Monday, April 16, 2018

Funding Opportunity for Mental Health Awareness Training

Check out this new funding opportunity from SAMHSA for Mental Health Awareness Training.

"The Substance Abuse and Mental Health Services Administration (SAMHSA), Center for Mental Health Services (CMHS) is accepting applications for fiscal year (FY) 2018 Mental Health Awareness Training grants (Short Title: MHAT). The purpose of this program is to: (1) train individuals (e.g., school personnel, emergency first responders, law enforcement, veterans, armed services members and their families) to recognize the signs and symptoms of mental disorders, particularly serious mental illness (SMI) and/or serious emotional disturbance (SED); (2) establish linkages with school- and/or community-based mental health agencies to refer individuals with the signs or symptoms of mental illness to appropriate services; (3) train emergency services personnel, veterans, law enforcement, fire department personnel, and others to identify persons with a mental disorder and employ crisis de-escalation techniques; and (4) educate individuals about resources that are available in the community for individuals with a mental disorder. It is expected that this program will prepare and train others on how to appropriately and safely respond to individuals with mental disorders, particularly individuals with SMI and/or SED.Eligibility


Eligible applicants are domestic public and private not-for-profit entities. For example:
  • State governments and territories (the District of Columbia, Guam, the Commonwealth of Puerto Rico, the Northern Mariana Islands, the Virgin Islands, American Samoa, the Federated States of Micronesia, the Republic of the Marshall Islands, and the Republic of Palau).
  • Governmental units within political subdivisions of a state, such as a county, city or town (e.g., local education agencies, law enforcement agencies, fire department agencies, emergency medical units).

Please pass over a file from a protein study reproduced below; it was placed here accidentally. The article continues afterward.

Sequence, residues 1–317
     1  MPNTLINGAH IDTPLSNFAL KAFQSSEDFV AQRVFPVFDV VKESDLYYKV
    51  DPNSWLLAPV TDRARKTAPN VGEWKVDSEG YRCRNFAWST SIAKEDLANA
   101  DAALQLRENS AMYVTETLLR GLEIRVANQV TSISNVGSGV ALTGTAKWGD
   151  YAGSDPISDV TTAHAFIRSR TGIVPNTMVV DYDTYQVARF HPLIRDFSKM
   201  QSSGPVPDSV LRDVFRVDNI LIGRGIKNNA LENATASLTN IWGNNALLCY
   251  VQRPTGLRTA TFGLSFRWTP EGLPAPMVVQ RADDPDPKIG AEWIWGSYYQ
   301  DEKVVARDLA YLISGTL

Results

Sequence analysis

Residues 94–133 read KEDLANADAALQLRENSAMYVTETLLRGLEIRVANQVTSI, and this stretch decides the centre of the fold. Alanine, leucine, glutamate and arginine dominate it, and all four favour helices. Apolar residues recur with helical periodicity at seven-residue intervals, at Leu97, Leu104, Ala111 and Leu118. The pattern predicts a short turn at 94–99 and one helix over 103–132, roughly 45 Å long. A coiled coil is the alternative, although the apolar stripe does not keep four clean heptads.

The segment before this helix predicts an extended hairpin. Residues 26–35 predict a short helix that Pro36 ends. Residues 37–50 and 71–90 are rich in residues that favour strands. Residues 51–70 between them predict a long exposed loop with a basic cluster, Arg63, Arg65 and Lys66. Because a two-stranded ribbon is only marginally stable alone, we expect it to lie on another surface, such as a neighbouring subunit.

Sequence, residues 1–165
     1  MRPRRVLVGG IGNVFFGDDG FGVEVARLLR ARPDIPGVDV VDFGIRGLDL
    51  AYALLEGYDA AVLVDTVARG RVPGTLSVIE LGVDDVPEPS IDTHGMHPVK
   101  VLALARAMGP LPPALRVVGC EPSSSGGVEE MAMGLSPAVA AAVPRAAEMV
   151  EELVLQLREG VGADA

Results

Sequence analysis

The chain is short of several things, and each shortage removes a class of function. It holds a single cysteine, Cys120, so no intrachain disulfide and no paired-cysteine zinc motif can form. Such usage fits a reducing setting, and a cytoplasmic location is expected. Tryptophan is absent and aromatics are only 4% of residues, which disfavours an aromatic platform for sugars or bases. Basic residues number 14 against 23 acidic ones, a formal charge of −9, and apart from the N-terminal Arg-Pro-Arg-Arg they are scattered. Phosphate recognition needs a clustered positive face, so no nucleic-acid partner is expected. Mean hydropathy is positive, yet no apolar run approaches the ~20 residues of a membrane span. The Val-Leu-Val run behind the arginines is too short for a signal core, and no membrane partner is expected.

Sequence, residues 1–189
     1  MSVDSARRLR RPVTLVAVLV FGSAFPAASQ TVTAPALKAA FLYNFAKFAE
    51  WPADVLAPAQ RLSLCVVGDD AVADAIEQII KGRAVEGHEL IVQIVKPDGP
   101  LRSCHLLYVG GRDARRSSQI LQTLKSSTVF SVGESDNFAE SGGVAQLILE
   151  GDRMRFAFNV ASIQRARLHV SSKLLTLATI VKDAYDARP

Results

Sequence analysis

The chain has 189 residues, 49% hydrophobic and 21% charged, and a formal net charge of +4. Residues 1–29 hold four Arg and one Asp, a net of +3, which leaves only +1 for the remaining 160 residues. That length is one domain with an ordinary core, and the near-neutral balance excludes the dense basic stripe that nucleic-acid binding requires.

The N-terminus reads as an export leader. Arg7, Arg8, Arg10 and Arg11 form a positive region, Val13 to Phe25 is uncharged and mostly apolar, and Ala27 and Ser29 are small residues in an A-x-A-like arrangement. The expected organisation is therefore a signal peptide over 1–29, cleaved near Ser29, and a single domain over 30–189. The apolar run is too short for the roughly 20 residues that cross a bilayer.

• Federally recognized American Indian/Alaska Native (AI/AN) tribes, tribal organizations, Urban Indian Organizations, and consortia of tribes or tribal organizations.
  • Community- and faith-based organizations, including those that serve veterans, armed services personnel, and their families.
  • Public or private universities and colleges....
Anticipated Total Available Funding:  $15,801,221
Anticipated Number of Awards:  Up to 126
Anticipated Award Amount:  Up to $125,000 per year
Length of Project:  Up to 3 years
Cost Sharing/Match Required?:  No

Proposed budgets cannot exceed $125,000 in total costs (direct and indirect) in any year of the proposed project.

MADD Youth Advocacy Internship


MADD is accepting applications for their Youth Advocacy Internship Program! Please share the following with anyone you think might be interested:

You're the one willing to ask tough questions. You often raise your voice in moments of injustice. You dive into creativity to address challenges. You value the lives of your peers. You pay attention to your health and well-being. You know you can make a difference. Here is one way to do just that.  MADD Colorado's Youth Advocacy Internship Program is designed to give young voices the opportunity to be heard. This program provides a space for you to share perspectives on underage drinking and substance use prevention in Colorado.

Interns take a personal stand against drinking before age 21 or riding in a car with someone who has been drinking. They are committed to helping others do the same through planning and implementing community outreach activities and event, school awareness campaigns culminating with MADD's Red Ribbon Week in October. Interns will assist in planning and providing operational support of MADD Colorado's Law Enforcement Recognition, three Walk Like MADD events and Red Ribbon week. Interns with also shape our youth programming to increase MADD Colorado's relevance to the next generation it serves.